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when you put it in a way about birthright and children, and you look at how many people have come into this country, and their children, and their children's children, have become citizens in the united states -- how do you square that with where the president is right before an election? democrats may bring up -- they may come up with a list of people who are now suddenly citizens. i see katie nodding at me. >> lawrence: i personally don't think this issue -- >> katie: the timing is not great. >> lawrence: wright, the timing is not great. to katie's point about the history of race in america concerning this -- they are also going to lose black voters when it comes to that. black voters aren't pro-illegal immigration. black voters aren't showing up. how will they get them out to the polls? immigration is not the issue to get them to show up. >> harris: what is the issue? it's health care. >> adrienne: you sound like a democrat, lawrence! >> lawrence: i know my community. i used to be a democrat.
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>> harris: katie, bakhtin's whole point of timing. we saw the conversation change so vividly with the confirmation process of judge kavanaugh. we know those topics are out there that can vividly change the flow of things, if you will, leading up to the election for it i wonder if birthright citizenship is one of those. i don't know. >> katie: the topic may be helpful to the base, and that's the risk they are taking. they may be able to look at this and say it will be beneficial. it may rile up the left, too come , but it will rile up the right. immigration is extreme the complicated. birthright citizenship, the board of all, border security, national security, the caravan. these issues are part of a larger problem that has to be cut up in pieces, not just one issue. >> melissa: that's very true. new developments in the russia probe. why the president's lawyers are bracing for a flurry of activity from robert muller's team, and
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when. plus, we expect to see more of president trump as he gets sent to hold nearly 1,000 rallies in six days in the final stretch of the midterms. how much of his agenda is on the line? new polling gives us a peek into how americans plan to vote. >> i went to -- a boeing 747, this massive hanger, packed. they had to use a second hanger for the overflow. always, look what happened for ted cruz. he's doing great now. ♪ every road in the world is now an information superhighway. and the car has become an accessory to the smartphone.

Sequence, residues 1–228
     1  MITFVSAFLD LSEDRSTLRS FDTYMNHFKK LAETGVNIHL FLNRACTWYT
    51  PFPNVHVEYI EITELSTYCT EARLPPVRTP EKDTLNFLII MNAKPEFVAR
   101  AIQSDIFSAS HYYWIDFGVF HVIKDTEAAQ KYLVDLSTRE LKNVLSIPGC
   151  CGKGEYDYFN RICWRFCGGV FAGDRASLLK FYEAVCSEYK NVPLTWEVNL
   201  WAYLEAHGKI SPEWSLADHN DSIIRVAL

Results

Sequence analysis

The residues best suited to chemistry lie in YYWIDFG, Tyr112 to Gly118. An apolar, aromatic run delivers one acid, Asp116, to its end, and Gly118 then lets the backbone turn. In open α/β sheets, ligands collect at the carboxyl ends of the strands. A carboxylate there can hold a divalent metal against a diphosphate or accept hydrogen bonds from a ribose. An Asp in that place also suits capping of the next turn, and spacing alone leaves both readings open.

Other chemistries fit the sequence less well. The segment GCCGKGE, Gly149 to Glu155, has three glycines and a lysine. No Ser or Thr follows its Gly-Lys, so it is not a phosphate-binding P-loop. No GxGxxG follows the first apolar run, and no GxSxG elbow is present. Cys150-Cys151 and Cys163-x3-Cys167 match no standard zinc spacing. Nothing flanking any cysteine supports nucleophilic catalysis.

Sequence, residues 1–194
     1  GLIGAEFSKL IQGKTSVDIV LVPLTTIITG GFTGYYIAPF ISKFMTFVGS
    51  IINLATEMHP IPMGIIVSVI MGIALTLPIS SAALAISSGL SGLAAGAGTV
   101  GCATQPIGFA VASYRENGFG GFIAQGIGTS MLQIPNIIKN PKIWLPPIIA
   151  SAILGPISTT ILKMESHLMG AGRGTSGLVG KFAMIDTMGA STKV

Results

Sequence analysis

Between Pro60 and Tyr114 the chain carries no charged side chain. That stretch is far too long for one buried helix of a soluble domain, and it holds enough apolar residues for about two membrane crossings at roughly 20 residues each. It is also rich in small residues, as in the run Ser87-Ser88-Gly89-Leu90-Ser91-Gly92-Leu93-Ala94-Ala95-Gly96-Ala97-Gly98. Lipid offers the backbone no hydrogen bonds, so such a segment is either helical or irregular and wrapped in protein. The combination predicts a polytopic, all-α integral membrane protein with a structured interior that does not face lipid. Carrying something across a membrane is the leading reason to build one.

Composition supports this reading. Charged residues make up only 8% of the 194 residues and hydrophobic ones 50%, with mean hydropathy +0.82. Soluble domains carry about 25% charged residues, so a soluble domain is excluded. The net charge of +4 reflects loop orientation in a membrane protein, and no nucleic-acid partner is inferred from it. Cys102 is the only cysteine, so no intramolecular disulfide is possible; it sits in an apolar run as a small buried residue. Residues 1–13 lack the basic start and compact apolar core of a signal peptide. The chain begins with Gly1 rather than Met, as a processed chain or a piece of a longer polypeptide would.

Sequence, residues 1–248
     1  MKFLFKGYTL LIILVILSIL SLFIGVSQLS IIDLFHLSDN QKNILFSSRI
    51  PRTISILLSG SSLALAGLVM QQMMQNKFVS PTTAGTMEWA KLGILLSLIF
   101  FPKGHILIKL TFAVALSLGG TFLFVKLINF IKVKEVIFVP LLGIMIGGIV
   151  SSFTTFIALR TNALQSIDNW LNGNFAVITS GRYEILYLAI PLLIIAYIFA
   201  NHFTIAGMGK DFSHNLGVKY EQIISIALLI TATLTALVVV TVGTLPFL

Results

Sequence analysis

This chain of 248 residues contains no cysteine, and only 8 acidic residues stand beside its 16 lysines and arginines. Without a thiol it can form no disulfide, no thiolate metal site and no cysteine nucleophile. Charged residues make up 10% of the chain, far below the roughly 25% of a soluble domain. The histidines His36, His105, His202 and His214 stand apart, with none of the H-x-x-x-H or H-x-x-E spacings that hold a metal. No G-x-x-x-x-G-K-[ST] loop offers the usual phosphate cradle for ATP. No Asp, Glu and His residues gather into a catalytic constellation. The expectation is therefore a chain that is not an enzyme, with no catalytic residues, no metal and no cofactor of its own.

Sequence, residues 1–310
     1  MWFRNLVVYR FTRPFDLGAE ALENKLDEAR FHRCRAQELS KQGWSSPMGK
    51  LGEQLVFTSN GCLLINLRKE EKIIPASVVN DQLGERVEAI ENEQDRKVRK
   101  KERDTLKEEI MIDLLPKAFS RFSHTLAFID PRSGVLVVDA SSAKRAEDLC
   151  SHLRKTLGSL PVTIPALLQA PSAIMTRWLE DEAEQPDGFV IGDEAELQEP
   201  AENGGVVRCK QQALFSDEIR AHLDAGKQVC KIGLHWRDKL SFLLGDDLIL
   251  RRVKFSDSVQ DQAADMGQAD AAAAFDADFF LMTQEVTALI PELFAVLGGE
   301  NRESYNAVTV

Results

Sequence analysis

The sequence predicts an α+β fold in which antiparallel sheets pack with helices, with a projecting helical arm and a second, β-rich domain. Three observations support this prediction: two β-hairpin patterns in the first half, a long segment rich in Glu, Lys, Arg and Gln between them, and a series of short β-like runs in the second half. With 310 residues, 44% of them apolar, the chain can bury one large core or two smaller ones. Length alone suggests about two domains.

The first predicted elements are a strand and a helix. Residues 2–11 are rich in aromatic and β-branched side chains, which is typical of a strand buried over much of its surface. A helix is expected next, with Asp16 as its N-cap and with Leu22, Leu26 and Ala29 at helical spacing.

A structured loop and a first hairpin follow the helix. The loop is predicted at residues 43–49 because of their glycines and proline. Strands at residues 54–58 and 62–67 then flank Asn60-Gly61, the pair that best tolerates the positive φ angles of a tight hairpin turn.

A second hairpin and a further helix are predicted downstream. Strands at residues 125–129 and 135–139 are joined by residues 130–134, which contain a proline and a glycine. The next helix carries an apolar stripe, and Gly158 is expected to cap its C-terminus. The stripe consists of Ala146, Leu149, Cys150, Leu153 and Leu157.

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♪ >> people never say -- this isn't bragging. that's never being anything like what's happening. >> one we are told to get ready to see more president trump as he goes all out for the midterm election season. the president is hosting 11 rallies for g.o.p. candidates across six states in the final stretch of the campaign. when it comes to president trump, a new poll from the nonpartisan pri shows a sharp partisan divide among those who prefer the democratic candidate, roughly equal numbers. 49 to 48% say they are doing in advance issues they care about. or, that they are doing it to oppose president trump and his agenda. ditto for the g.o.p. side. those who prefer the republican candidate are likely to say they are doing it to advance issues they care about, as they are saying that they are doing it to support president trump and his agenda. what do you make of it,
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lawrence? >> lawrence: [sigh] well, as i said -- katie even alluded to this about the local races. of course, this is going to be an indictment in some way on president trump's agenda. it's still going to go back to the candidates and their ability to contact with the voters. i think sometimes we water down the president and his compliments. part of our president obama was so ineffective at getting other candidates elected, because he didn't spend a lot of times with candidates when he was elected. he also didn't spend time with -- >> adrienne: you think he wasn't helpful to democrats customer greeley? [laughs] >> lawrence: when i was a democrat, they had crossed problem with him meeting the people of his own party. this wasn't an involvement like a prison term. you can go either way. because these are local races to a certain extent. as far as maintaining the sudden that, i think the president is very helpful in that. >> harris: this is where i wonder, melissa, if those of a
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topics and issues come into play. rather than making it about the presidents. or, just making it about the president. >> melissa: you mean you wonder which one is most effective? >> harris: yes, just in terms of health care and the economy and some of the things we've been talking about the sour. if there is a 50/50 split, roughly, of "i'm going to the polls to vote for or against the president." that leads to a lot of ground to train hit issues. >> melissa: it strikes me as one of those things that people would answer one way when they are being polled, and another when they get in the booth. when you see it in the booth -- you are looking at the candidates that are right there. i'm always thinking about what i have seen them do or not do in the community. do i like the result of their policies? maybe i'm not to give up the rhetoric. i'm thinking about local races. does my city feel safe? do i feel like it has improved?